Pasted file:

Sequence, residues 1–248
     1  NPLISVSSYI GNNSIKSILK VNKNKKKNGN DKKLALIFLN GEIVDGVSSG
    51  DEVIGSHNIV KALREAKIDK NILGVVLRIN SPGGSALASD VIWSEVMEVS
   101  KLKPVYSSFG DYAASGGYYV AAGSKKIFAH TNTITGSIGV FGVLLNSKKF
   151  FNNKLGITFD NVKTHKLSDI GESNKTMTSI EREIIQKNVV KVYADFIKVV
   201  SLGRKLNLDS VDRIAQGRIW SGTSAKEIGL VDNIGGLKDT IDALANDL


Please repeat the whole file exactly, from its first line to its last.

Sequence, residues 1–248
     1  NPLISVSSYI GNNSIKSILK VNKNKKKNGN DKKLALIFLN GEIVDGVSSG
    51  DEVIGSHNIV KALREAKIDK NILGVVLRIN SPGGSALASD VIWSEVMEVS
   101  KLKPVYSSFG DYAASGGYYV AAGSKKIFAH TNTITGSIGV FGVLLNSKKF
   151  FNNKLGITFD NVKTHKLSDI GESNKTMTSI EREIIQKNVV KVYADFIKVV
   201  SLGRKLNLDS VDRIAQGRIW SGTSAKEIGL VDNIGGLKDT IDALANDL